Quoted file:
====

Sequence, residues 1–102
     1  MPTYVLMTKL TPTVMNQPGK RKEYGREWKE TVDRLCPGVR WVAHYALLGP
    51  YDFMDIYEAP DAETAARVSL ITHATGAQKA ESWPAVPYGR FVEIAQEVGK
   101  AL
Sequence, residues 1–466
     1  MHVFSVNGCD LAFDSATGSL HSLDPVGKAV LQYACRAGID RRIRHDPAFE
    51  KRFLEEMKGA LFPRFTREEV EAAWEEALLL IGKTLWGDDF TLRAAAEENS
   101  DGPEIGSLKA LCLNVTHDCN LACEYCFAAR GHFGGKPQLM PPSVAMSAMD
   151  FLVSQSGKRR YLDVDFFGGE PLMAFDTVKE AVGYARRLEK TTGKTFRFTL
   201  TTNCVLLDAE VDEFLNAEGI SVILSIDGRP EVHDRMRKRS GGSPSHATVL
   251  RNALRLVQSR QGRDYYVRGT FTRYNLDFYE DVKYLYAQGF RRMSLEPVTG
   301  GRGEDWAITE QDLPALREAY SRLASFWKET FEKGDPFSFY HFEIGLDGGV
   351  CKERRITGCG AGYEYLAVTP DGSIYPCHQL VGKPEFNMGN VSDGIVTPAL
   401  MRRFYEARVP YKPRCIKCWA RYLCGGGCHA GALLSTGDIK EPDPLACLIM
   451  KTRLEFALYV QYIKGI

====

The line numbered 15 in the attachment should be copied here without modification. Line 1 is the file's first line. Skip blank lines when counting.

   451  KTRLEFALYV QYIKGI